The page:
A certain Belgian lager might be reassuringly expensive and it may be the brew of choice for uber role-model Norm Peterson but it seems to have done very little for my powers of prognostication. So this week I will be testing out the more eupeptic soothsaying side-effects of Banks's mild, instead.
I only mention the above because it was after several fizzy litres of Stella Artois that, not so long ago, I made the prediction that Villa's rise to supremacy would be neat and incremental, and that the first thing they would win on their way to the Champions League and World Domination, would be the Carling Cup.
Anyhow, I got it wrong and whether it was entirely down to the antipathetic relationship between Carling and Stella I am not sure but O'Neill's first Villa silverware looks to be delayed a little while yet.
Obviously my choice of brew does not preclude my tendency to talk bollocks when I am in my cups but it was still a result of the totally crap variety. Even taking into account Leicester's decent history against us and O'Neill trying to keep his powder dry for more considerable foe, it was rather shite. If Davis played like a pub player then O'Neill, looked like the pub landlord by the end of the night. He got it badly wrong.
Shit happens - dreams are broken - the Bard has spoken:
These fixtures are usually reserved for hard-core supporters only and so what twenty-five thousand were doing down there is hard to imagine. Obviously the balti pies are addictive (The fire in those pies keep me alive - The Cult 1985) but you are just asking for disappointment when the team that looked so bad at Man City, is downgraded for rivals who not only want to beat you but are desperate to beat you. When your manager's face is on the juju and is the totem of the spirit of the opposing club, you better believe it, they want to f***ing beat you.
This was typical of the two steps forward and one back, which seems to be Villa's present mode of progress, but it is indeed progress. Only Gabby's sublime control and finish turned a scruffy performance against Everton, into a supremely satisfying win. But what a moment.
Harlon Marewood's little outburst was a bit discouraging and took the shine off the weekend's win, as it was not the sort of thing you expect from a player with total confidence in his own abilities. It was a bit too Duane Dibley for my liking: he who dwells in the city of the anti-cool. A simple, 'Hey superstar, gee us pass', would have sufficed. Such a public show of anger just paraded his personal self-doubt, which is not something you want your 'star' striker to advertise to the world.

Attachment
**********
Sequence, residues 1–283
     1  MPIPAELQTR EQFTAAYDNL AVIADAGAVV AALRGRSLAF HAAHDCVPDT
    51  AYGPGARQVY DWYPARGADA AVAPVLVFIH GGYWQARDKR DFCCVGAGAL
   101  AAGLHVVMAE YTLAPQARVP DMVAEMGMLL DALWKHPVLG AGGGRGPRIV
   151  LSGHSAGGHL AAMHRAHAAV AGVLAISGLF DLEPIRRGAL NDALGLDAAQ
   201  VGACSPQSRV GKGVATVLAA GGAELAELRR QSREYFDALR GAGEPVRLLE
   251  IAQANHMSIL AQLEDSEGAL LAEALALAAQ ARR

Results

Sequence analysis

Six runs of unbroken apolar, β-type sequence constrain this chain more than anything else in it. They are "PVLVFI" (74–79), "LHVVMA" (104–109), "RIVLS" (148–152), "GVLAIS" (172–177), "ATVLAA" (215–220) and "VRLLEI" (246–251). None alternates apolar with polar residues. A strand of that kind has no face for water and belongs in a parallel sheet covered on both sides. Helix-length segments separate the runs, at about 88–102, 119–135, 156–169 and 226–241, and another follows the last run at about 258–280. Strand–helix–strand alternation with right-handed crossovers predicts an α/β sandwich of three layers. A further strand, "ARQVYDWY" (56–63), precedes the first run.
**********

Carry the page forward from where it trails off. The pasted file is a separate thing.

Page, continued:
With Carew out with a crocked knee it is all down to Harlon and he should get a good few games to show us what he can do. If only he could produce the sort of form which got him his hattrick against Villa for West Ham, he would be welcomed with open arms. But that, I am sure, happened at a very special time in his life, when everything was sweet and his demons were sleeping. Producing that form again needs to be his main aim. I bet he's looking everywhere for the mind-set which made him such a force. He obviously put it down somewhere but can't remember exactly where or quite what it felt like. Boredom is the enemy of consistency.
Other options include moving Gabby into the centre and adding Petrov to midfield (not much favoured with the fans) but it looks like coping with Carew's absence is going to be a considerable test for O'Neill. But I am hoping it is not too much of a test for me, or the powers of the piss to pacify.
Stuff about girls:
When it came to England's women they failed their World Cup quarter-final test but not by much, in the final analysis. With a vulnerability to free-kicks and no cutting-edge up front, the quarter-finals was probably the best they could have hoped for and several players can take a great deal of pride in their individual performances and their contribution to raising the profile of the women's game. Three-nil was disappointing, especially as the third was gifted the Americans with a fluff but as with the men, it looks like we are quarter-final nation in everything and no more.
There's a lot to be learnt from the women's game, especially about the importance of physical power when it comes to bossing the opposition, and I couldn't help but remember my own youthful struggles when I was the very definition of a streak of piss and the ball often felt like trying to kick a sack full of lead shot. There are no frigging size-zeros here and whether it is the statuesque Abby Wambach, or the powerhouse Cat Whitehill, football proved to be the ideal game to promote better female body images and fitness. As Matthew Le Tissier proved, having a big arse is no impediment, to playing football.
Football is still a working-class game and I still think it brings more social good, more pleasure and more pride, than any number of Wimbledon no-chancers. And, for this reason it should be financed as generously as the Lottery money will allow. It certainly would be money better spent than on the Olympic gravy-train, the snouts are all into, in Stratford, London right now.